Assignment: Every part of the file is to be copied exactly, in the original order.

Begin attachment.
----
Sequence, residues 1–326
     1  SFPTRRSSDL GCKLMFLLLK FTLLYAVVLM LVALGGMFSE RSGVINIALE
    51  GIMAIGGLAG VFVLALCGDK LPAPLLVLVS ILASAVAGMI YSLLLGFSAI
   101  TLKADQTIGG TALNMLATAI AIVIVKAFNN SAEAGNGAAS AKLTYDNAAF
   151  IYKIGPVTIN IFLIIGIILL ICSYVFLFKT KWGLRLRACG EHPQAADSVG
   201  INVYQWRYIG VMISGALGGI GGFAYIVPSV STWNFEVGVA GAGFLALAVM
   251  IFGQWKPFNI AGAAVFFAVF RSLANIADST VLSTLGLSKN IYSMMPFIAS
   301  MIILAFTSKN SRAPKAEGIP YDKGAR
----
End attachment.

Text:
Sequence, residues 1–326
     1  SFPTRRSSDL GCKLMFLLLK FTLLYAVVLM LVALGGMFSE RSGVINIALE
    51  GIMAIGGLAG VFVLALCGDK LPAPLLVLVS ILASAVAGMI YSLLLGFSAI
   101  TLKADQTIGG TALNMLATAI AIVIVKAFNN SAEAGNGAAS AKLTYDNAAF
   151  IYKIGPVTIN IFLIIGIILL ICSYVFLFKT KWGLRLRACG EHPQAADSVG
   201  INVYQWRYIG VMISGALGGI GGFAYIVPSV STWNFEVGVA GAGFLALAVM
   251  IFGQWKPFNI AGAAVFFAVF RSLANIADST VLSTLGLSKN IYSMMPFIAS
   301  MIILAFTSKN SRAPKAEGIP YDKGAR